A guest post by Dylan Blacquiere
When I was younger, I dreamed of being a professional author. I dreamed, like many I knew, of seeing my name on placards in the book store announcing my latest signing, of getting invitations to the book talk programs on public radio, of being the next Robertson Davies or Mordecai Richler. An Important Author. The thought comforted me through some difficult times, and for a great part of my life, I thought of my studies and my career as the prelude to my Great Discovery. And I did write; I won some writing contests and managed to enter, and complete, the three-Day Novel Contest twice. A good start.
But there came a time when day-to-day life intruded, as it always does, and writing became just one of the many things that I needed to accomplish in any given day. My wife, who has similar aspirations of making a career as a writer, dealt with this by diving headlong into the Business – she set aside writing time each day, found contests to enter, and ultimately has found some success by getting some publications in anthologies. She knows that this will be her main career, and that with enough success and good fortune, she will be able to make a career as a professional author.
My greatest gift, however, is in learning that my path is different.
I’m struck by how many people start out with dreams like mine and who, like me, find that life gets in the way. It can be an excuse, of course. If the dream is strong enough, then one will find the time and the will to press forward. But sometimes there are extenuating circumstances. Sometimes you realize that a dream is not enough to carry you forward. In my case, I don’t want my writing to be my primary focus. I am also a stroke neurologist, and that demands time and attention if I want to be excellent at that role. Soon I will be dealing with all sorts of responsibilities and duties at work that are as important to me and to my aspirations as the name on the placard ever was. Other people face similar dilemmas, and others fall into the worst of both worlds – they neglect the one in favour of the other, and they end up tainting both. The pursuit of writing as a business takes discipline and focus and time, but so do the other things.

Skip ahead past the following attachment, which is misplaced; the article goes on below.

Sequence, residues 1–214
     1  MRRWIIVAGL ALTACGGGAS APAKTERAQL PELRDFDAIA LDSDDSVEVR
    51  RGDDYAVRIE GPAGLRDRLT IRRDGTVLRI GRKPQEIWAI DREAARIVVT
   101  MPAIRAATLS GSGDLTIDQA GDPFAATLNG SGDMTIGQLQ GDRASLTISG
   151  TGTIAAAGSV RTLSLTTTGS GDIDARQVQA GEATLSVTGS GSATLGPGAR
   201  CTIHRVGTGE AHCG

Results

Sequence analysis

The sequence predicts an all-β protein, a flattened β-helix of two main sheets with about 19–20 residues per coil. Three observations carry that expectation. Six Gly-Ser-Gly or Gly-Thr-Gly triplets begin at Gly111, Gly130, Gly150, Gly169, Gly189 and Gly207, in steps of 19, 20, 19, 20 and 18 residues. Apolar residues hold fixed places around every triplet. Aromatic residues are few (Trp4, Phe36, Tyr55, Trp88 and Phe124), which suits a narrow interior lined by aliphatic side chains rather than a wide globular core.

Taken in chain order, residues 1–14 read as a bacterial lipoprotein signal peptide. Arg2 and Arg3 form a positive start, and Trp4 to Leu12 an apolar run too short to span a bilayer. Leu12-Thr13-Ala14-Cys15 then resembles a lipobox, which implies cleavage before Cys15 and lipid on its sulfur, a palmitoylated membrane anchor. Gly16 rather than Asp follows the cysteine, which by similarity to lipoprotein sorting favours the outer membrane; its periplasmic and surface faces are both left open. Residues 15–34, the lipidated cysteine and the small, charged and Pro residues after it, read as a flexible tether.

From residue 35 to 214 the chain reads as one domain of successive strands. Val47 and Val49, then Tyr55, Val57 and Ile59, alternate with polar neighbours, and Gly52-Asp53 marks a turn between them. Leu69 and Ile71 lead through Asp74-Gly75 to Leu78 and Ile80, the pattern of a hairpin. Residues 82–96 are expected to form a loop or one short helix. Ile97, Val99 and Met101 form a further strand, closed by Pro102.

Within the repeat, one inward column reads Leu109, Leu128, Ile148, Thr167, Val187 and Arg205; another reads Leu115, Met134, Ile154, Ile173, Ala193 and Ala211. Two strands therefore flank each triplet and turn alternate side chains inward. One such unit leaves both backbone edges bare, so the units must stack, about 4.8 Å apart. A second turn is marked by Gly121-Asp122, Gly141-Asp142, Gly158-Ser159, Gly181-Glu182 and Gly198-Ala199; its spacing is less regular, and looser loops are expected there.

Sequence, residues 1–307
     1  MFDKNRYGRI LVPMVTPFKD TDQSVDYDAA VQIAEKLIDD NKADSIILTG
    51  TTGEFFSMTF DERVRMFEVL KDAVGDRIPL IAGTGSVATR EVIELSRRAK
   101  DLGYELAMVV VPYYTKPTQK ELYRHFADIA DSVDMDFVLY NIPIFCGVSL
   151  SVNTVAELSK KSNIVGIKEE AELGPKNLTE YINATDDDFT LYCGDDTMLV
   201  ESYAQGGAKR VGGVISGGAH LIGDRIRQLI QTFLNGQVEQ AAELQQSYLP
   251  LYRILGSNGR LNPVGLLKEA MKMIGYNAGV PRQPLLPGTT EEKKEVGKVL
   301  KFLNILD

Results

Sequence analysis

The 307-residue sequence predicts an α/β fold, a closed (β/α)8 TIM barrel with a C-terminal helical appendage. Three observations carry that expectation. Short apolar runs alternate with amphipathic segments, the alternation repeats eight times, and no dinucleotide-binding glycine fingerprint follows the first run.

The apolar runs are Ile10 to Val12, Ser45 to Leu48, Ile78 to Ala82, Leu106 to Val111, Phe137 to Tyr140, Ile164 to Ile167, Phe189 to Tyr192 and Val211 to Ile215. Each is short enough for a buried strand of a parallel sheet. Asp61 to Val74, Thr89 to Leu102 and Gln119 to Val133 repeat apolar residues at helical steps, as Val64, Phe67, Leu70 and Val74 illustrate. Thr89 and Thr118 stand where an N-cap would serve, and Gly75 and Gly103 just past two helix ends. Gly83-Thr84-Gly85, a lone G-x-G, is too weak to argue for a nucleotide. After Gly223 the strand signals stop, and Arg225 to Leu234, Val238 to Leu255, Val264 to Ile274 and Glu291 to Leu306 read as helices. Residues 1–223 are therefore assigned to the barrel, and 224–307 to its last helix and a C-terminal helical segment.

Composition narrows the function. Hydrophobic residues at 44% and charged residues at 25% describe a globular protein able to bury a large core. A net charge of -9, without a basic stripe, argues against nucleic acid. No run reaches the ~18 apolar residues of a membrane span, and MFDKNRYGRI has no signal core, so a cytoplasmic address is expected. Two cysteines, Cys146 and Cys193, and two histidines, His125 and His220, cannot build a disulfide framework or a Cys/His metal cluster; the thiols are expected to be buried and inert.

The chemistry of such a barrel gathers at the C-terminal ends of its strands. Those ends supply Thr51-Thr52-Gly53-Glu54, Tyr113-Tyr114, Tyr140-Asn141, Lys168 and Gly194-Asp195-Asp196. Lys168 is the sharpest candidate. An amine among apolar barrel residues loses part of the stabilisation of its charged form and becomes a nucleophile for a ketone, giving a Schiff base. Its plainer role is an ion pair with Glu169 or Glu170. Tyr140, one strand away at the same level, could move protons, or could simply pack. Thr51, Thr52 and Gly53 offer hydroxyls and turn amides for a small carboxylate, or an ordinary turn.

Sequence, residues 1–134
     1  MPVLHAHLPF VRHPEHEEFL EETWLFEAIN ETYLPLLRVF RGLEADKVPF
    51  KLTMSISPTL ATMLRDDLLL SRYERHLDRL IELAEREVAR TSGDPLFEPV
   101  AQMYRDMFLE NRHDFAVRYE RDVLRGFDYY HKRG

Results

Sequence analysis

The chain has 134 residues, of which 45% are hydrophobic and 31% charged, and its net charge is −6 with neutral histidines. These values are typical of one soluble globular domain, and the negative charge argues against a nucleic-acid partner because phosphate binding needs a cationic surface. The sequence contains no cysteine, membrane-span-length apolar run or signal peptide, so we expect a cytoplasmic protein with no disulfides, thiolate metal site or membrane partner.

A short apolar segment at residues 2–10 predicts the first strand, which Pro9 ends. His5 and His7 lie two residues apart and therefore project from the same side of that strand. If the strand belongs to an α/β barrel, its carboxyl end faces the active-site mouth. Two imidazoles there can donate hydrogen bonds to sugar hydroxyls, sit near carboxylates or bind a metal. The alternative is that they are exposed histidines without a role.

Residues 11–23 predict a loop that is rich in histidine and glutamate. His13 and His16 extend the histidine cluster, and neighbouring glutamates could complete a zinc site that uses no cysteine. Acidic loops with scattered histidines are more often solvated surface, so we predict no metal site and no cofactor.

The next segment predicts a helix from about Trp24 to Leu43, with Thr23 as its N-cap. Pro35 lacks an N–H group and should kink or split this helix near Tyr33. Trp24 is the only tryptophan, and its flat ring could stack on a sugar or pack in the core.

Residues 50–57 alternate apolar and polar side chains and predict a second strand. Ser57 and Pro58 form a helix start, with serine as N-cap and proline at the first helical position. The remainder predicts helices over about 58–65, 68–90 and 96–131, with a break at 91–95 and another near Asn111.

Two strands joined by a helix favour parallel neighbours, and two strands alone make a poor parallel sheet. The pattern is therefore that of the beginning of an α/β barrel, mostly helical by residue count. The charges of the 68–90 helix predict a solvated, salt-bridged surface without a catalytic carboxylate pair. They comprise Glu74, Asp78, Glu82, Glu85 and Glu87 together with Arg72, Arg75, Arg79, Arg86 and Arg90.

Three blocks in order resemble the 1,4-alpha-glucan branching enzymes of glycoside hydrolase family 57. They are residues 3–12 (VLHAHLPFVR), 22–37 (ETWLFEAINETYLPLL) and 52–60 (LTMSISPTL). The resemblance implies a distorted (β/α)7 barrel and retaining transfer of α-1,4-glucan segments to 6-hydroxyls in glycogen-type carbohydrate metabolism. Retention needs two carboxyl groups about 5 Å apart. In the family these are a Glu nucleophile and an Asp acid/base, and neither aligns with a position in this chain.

When I realized this, that being truly excellent at either of these goals would require a level of devotion that would harm the other, I knew that I had to make a choice, and I chose medicine. It meant that I had to give up the straightforward path to the dream I had when I was younger, and that I likely won’t be able to devote the time and the focus in the same manner as my wife does; nor will I see the rewards that seemed worth anything. There is a certain grief for that, and I can’t entirely shake the feeling that I’m justifying giving up in some fashion.
However, the more that I think about it, the more that realization seems like the greatest gift that I have received as a writer. Not everyone gets to be top of the charts, after all, and not every creative outlet needs to be in service of a career. Knowing my limits has freed my work to be more personally satisfying; when I do write, I can write knowing that it isn’t carrying my livelihood on its shoulders. I can explore other outlets for my creativity that fall outside of the traditional publishing model. There is a growing field of narrative medicine, studying how the way we tell stories leads to better health care, and I have started to explore this in earnest as part of my work in neurology. As well, health care needs good writing too; being able to write clearly and coherently about how medicine works makes me an ideal person to write things like blogs or newspaper columns that help people navigate the health care world that I know so well. And of course, there is always something to be said about writing for writing’s sake; the gift of just putting words on paper, even if for no one else than one’s self, is sometimes hard to remember when we talk about things like sales margins and promotional materials.
I’ve realized that I, personally, have to let some of those old dreams go. But that’s left me free to find other ways that writing can be a part of my professional and personal lives. I don’t mean to suggest that everyone needs to be a hardcore realist about it; for some people, taking the chance on becoming a professional author is the only way for them to be true to themselves. But for the rest of us, the realization that there are other paths, that the creative urge doesn’t have to lead down only the one road – what else can that lead to but self-awareness and contentment? It can be a gift to learn where your limits are, and it can bring with it another gift – learning where other roads can take you. I’m glad that I learned those lessons when I did. They aren’t for everyone, but for some of us, they are precious beyond compare.
Dylan Blacquiere Bio:
Dylan Blacquiere is a fellow in stroke neurology at the University of Ottawa, soon to be a full-time stroke neurologist in New Brunswick. He has worked on research projects involving writing, metaphor and medicine, including an examination of how people who have survived cancer treatment use metaphor in telling their stories. He has published short stories in “In Our Hands”, an anthology of medical writing, writes a monthly newspaper column on life in medicine for The